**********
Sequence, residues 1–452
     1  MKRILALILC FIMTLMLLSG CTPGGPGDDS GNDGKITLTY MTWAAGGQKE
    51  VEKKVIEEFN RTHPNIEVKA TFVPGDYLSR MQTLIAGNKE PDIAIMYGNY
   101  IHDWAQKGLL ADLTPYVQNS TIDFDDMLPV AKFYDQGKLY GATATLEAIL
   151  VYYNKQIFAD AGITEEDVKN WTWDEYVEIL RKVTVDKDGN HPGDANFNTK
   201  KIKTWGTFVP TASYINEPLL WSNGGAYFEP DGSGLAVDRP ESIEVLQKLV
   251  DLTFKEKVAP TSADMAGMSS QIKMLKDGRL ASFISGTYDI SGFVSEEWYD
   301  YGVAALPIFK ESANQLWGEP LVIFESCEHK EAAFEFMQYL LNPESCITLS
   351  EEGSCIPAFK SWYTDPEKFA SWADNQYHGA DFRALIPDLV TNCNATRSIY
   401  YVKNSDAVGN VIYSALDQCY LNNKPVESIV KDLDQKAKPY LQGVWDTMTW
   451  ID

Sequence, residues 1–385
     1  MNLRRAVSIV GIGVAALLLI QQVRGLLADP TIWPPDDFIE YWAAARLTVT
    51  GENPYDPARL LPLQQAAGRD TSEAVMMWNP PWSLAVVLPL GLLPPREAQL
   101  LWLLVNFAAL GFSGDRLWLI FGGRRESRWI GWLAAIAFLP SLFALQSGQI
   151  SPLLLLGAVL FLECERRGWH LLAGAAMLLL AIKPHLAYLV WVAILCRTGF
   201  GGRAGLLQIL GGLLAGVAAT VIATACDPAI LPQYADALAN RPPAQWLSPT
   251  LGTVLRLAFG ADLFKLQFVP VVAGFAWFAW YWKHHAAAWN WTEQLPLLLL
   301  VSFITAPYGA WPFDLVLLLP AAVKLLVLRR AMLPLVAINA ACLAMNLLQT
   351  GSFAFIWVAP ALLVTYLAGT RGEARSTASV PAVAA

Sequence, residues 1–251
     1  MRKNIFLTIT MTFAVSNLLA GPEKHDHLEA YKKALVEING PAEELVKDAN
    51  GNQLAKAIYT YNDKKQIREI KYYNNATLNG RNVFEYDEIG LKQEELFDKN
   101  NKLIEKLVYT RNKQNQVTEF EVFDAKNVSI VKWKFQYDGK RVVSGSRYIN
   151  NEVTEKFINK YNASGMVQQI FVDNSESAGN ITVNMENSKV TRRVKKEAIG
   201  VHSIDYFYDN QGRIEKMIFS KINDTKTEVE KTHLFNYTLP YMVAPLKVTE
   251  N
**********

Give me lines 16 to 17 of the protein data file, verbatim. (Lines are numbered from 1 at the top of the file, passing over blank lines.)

   151  SPLLLLGAVL FLECERRGWH LLAGAAMLLL AIKPHLAYLV WVAILCRTGF
   201  GGRAGLLQIL GGLLAGVAAT VIATACDPAI LPQYADALAN RPPAQWLSPT